اطلاعات و تخصیص اعتبار بانکی
|کد مقاله||سال انتشار||مقاله انگلیسی||ترجمه فارسی||تعداد کلمات|
|23287||2004||30 صفحه PDF||سفارش دهید||13870 کلمه|
Publisher : Elsevier - Science Direct (الزویر - ساینس دایرکت)
Journal : Journal of Financial Economics, Volume 72, Issue 1, April 2004, Pages 185–214
Private information obtained by lenders leads to borrower capture to the extent that such information cannot be communicated credibly to outsiders. We analyze how this capture affects the loan portfolio allocation of informed lenders. First, we show that banks charge higher interest rates and finance relatively less creditworthy borrowers in market segments with greater information asymmetries. Second, when faced with greater competition from outside lenders, banks reallocate credit toward more captured borrowers (flight to captivity). Third, if borrower quality and captivity are sufficiently correlated, an increase in the competitiveness of uninformed lenders can worsen the informed lender's overall loan portfolio. The model explains observed consequences of financial liberalizations.
Over the last two decades, bank activities, which traditionally had been heavily regulated and protected from competition, have been progressively liberalized. Financial sector reforms have eased legal barriers to entry and enlarged the scope of the activities of banks and other financial intermediaries. This process has fostered cross-border lending and foreign entry, reshaping the competitive structure of local credit markets and changing the allocation of bank credit. These changes have important economic consequences as bank lending is an important source of funding not only for individuals and for smaller businesses, but also for large businesses, which make heavy use of bank borrowing as a form of short-term financing. This paper presents a theoretical framework to understand how the allocation of credit responds to shocks to the banking system, such as the entry of a low-cost competitor. It also provides new insights for understanding the observed effects of financial liberalization and cross-border deregulation on bank competition. We focus on the important role information plays in shaping bank competition. Private information obtained by banks generates a lender-client specificity to the extent that such information cannot be communicated credibly to outsiders. James (1987) is among the first to provide evidence that bank lending is indeed special relative to other sources of finance. He shows that the announcement of a bank loan leads to a positive stock price response for the firm obtaining the loan. Lummer and McConnell (1989) provide similar evidence for the case of loan renewals. We present a model where a lender with an informational advantage competes for borrowers with an outside lender with worse information, but potentially with a cost advantage in extending a loan. We show that the informed lender's informational advantage provides it with some degree of market power and leads to borrower capture, as adverse selection makes it difficult for borrowers to obtain credit from outside lenders. This basic intuition allows us to derive three main results. First, the degree of borrower capture and spreads on bank loans are higher in markets subject to larger information asymmetries. This allows informed lenders to profitably finance borrowers that are less creditworthy in these markets. An important implication of this result is that the average quality of borrowers obtaining financing from the informed lender is decreasing in its informational advantage. Hence, there are compositional differences in banks’ portfolios across market sectors characterized by different degrees of asymmetric information about borrowers. The second result is that when faced with greater competition from outside lenders, informed banks shift their credit allocation towards sectors where their competitors face greater adverse selection problems. More generally, when forced to curtail their loan portfolio, informed banks reduce lending to a greater extent in less captive sectors, and retain larger market shares in the more captive but more profitable sectors. We refer to this reallocation as a flight to captivity, since it implies that banks reallocate their portfolio towards more captive borrowers when shocks to their balance sheet, or to their competitive environment, force them to alter their lending patterns. Loans to borrowers in more competitive sectors are also the most liquid in banks’ portfolios, since they could be sold at a price closer to their actual value. In this vein, we show that increases in the competitiveness of outside lenders leads to greater interest-rate reductions for borrowers in low information-asymmetry sectors since these borrowers are most able to take advantage of the competition from these lenders. Finally, we show that, if a strong negative correlation between borrower quality and degree of information asymmetry exists, an increase in the competitiveness of uninformed lenders can lead to a worsening of the informed lender's overall loan portfolio. Indeed, uninformed lenders better attract borrowers in sectors subject to low information asymmetries, which are more creditworthy. This in turn leaves the informed lender to deal primarily with loans associated with more captured (but also higher risk) borrowers. The results in this paper derive from the interaction between two distinct, but related, implications of informational specificity. First, banks obtain higher profits from more captured borrowers than from borrowers that have other financing alternatives. Second, given the level of information asymmetry about a borrower, which determines the interest rate offered, loans to higher quality borrowers (higher probability of repayment) are more profitable. Borrower quality by itself has no implications for bank profitability absent some other friction that prevents quality from being perfectly priced. Asymmetric information provides that friction in our model. Consequently, when banks curtail lending we expect to see a relative reallocation of informed credit towards more captured borrowers, as banks attempt to retain their most profitable clients. In equilibrium, we see lower quality but more captured borrowers being retained by an informed bank, even as borrowers of better quality (but less captive) move to alternative sources of financing. Our analysis sheds new light on some unexplained consequences of regulatory reforms. Financial liberalizations, such as those that have occurred recently in emerging markets and transition economies, have lead to the entry of foreign banks that, relative to local banks, have concentrated their activities on wholesale banking and on lending to large borrowers (see Berger et al., 2001; Clarke et al., 2001). This pattern of entry has obviously benefitted borrowers in these sectors of the economy. However, small borrowers appear also to have benefitted from these reforms through both increased availability of credit and reduced intermediation spreads, in spite of their limited access to lending from foreign banks (see Martinez Peria and Mody, 2002; Clarke et al., 2002; Laeven, 2003). This pattern of entry, as well as the positive spillover for small borrowers, is not easily understood within the context of existing models that ignore how information asymmetries affect the allocation of domestic bank credit. Most of the agency cost literature focuses on cream-skimming effects associated with observable borrower quality. However, this framework explains the observed pattern of entry and credit reallocation only to the extent that quality and the availability of borrower-specific information are highly correlated. Our model predicts that foreign banks will be more effective at competing away from local banks the borrowers for whom informational disadvantages are smaller. In turn, local banks will reallocate their portfolios towards borrowers whose quality is less discernible by external lenders. In other words, we show that the informational structure of the industry determines the height of the barriers to entry across different groups of borrowers and creates a segmentation of lending markets between foreign and domestic banks. To the best of our knowledge this implication is unique to our model and is in accordance with existing evidence. The issue of how changes in the competitive structure of credit markets affect both the portfolios of the informed banks as well as borrower welfare has been little studied. Previous theoretical literature by Sharpe (1990), Rajan (1992), and von Thadden (2002) demonstrates that informed lenders can reap benefits from their information even when faced with competitive threats. Dell'Ariccia et al. (1999) show that information asymmetries between lenders can hinder entry into banking markets. However, this literature does not address how information affects the way credit is distributed across borrowers if lenders face constraints, such as an upward-sloping industry supply curve of funds, or how that allocation changes when these constraints tighten. From an empirical perspective, Berger and Udell (1995) find that firms with longer banking relationship are less likely to have collateral requirements. Berger et al. (1998) discuss similar issues in the context of bank mergers. These results provide evidence that banks solve information problems over the course of the lending relationship. However, by focusing on the firms’ side of the issue, this literature does not analyze the implications for bank credit allocation. Petersen and Rajan 1994 and Petersen and Rajan 1995 find that the availability of credit to small businesses increases as banking relationships lengthen, or as competition in credit markets decreases. This latter result is consistent with our finding that borrower quality is lower in markets with greater information asymmetries, where banks can profit from lending to marginal quality borrowers. Our model can therefore be seen as providing both a foundation for their analysis of exogenous market power and credit market competition, as well as extending the model to analyze changes in banks’ portfolios following a shock to their liabilities. The choice of bank versus arm's-length financing is examined in the agency cost literature (e.g., Besanko and Kanatas, 1993; Diamond, 1991; Boot and Thakor, 1997; or Chemmanur and Fulghieri, 1994), which predicts that only borrowers of higher observable quality will obtain financing from nonmonitoring lenders. Our model focuses instead on competition among banks and on their sources of market power and suggests that entrants should concentrate their activities where information asymmetries are lower as a way of avoiding adverse selection problems. This captivity dimension coexists with the quality dimension found in these models, and helps explain the patterns of foreign bank entry described above. Finally, our analysis also has implications for other shocks to banks’ balance sheets, such as changes in monetary policy. In this context, the bank lending channel view holds that monetary contractions reduce the supply of bank loans relative to other sources of finance (see Kashyap and Stein, 2000). In our framework, a relative increase in the informed bank's cost of funding induced by a tightening of monetary policy reduces its lending to lower quality borrowers. This effect is similar to the well-known flight to quality, which argues that creditors will optimally shift funds away from high agency cost borrowers during periods of recessions or when borrowers’ balance sheets deteriorate. Lang and Nakamura (1995) and the references therein provide a discussion of this effect. This reduction in lending, however, is more pronounced for market sectors where borrowers are less captive. This latter effect is exactly our flight to captivity. We also argue that this contraction not only affects banks’ portfolios, but also affects borrowers through the interest rates they pay on loans. The paper proceeds as follows. 2 and 3 present the model along with a characterization of the equilibrium. Section 4 examines the cross-sectional implications of shocks to the competitive environment. Section 5 discusses how these shocks affect banks’ portfolios when creditworthiness and borrower capture are correlated. Section 6 provides further implications and discusses the findings in light of existing evidence. Section 7 concludes.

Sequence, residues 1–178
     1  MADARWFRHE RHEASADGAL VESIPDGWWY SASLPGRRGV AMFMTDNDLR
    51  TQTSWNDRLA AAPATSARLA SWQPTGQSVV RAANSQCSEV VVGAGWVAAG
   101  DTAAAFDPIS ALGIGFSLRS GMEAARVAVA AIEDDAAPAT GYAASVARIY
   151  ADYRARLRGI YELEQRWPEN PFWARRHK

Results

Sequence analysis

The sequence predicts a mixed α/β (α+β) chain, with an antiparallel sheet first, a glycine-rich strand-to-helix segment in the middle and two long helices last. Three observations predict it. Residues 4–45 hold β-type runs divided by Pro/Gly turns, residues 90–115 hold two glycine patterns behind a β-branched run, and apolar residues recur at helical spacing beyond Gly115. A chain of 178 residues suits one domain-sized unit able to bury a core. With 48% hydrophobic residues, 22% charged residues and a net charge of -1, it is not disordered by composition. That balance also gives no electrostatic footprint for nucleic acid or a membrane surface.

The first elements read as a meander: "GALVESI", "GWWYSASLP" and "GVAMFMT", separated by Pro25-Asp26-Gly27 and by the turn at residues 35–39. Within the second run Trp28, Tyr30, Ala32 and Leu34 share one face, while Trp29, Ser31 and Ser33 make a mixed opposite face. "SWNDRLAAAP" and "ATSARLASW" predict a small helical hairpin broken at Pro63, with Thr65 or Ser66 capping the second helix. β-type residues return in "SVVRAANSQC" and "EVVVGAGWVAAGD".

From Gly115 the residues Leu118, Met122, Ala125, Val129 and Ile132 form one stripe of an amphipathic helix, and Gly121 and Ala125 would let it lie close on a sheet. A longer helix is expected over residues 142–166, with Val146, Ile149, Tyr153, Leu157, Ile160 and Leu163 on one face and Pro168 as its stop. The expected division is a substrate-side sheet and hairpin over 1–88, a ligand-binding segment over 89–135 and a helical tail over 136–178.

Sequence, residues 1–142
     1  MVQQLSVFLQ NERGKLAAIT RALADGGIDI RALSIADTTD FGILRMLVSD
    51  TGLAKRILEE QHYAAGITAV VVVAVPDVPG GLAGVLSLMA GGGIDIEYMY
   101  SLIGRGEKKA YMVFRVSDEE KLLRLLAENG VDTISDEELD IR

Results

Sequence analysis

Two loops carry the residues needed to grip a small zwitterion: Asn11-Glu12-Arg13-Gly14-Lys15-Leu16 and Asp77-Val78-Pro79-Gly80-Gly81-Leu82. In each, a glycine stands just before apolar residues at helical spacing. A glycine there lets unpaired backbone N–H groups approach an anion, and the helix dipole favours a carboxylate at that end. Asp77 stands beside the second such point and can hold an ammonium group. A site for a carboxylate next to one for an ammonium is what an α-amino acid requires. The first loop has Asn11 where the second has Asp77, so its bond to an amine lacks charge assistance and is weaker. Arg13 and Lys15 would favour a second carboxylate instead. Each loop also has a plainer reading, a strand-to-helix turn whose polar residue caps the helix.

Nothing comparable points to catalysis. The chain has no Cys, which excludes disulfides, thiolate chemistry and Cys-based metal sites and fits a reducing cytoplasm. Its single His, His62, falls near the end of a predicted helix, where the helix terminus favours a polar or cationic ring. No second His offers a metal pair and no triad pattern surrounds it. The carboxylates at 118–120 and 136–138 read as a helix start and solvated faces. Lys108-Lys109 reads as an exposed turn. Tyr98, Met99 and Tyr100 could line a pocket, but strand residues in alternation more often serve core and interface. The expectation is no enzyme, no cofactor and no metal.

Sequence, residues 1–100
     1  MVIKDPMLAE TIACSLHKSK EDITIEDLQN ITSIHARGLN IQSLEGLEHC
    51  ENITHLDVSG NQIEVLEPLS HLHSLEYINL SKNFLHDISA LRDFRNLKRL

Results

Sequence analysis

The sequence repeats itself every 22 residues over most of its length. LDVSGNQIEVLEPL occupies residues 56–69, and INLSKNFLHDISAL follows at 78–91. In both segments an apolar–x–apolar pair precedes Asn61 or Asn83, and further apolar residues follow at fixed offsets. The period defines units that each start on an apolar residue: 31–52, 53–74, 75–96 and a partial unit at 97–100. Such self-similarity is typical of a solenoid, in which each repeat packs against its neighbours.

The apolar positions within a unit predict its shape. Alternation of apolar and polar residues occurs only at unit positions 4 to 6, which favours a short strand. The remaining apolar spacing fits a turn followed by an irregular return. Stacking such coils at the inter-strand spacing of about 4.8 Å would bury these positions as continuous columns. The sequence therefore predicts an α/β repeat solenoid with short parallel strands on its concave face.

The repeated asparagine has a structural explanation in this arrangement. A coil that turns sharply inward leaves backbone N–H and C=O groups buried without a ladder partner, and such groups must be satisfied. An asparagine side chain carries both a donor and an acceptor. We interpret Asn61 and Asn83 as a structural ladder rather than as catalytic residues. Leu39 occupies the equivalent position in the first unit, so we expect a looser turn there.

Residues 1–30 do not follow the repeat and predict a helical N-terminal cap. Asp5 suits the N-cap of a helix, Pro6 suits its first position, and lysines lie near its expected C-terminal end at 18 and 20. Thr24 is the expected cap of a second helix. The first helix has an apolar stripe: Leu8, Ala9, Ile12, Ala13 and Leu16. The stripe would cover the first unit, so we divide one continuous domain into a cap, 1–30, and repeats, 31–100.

نتیجه گیری انگلیسی
This paper presents a framework for analyzing how competition among financial intermediaries affects credit allocation under asymmetric information. It shows that, when there are informational asymmetries among lenders, the profitability to a bank of granting a loan is determined along two different dimensions. First, the creditworthiness of the borrower affects the bank's expectation of recovering the invested funds. Second, the ability of the borrower to credibly communicate its quality to outside lenders affects the bank's ability to extract monopolistic rents by charging high interest rates. This has important implications for bank credit allocation. Banks finance borrowers of relatively lower quality in markets characterized by greater information asymmetries. Furthermore, when forced to curtail lending, banks take into account the two dimensions of loan profitability by reallocating their loan portfolio towards more creditworthy (but more captured) borrowers. The results in this paper are useful for understanding recent observed patterns of entry and credit allocation decisions of banks in the context of financial liberalizations. Finally, in this paper we do not model the liability side of banks’ balance sheets. Banks with more liquid portfolios may have cheaper access to funds (in the absence of deposit insurance) and may therefore be favored by regulators. This suggests additional considerations stemming from the liability side of banks’ balance sheets. We leave that extension for future research.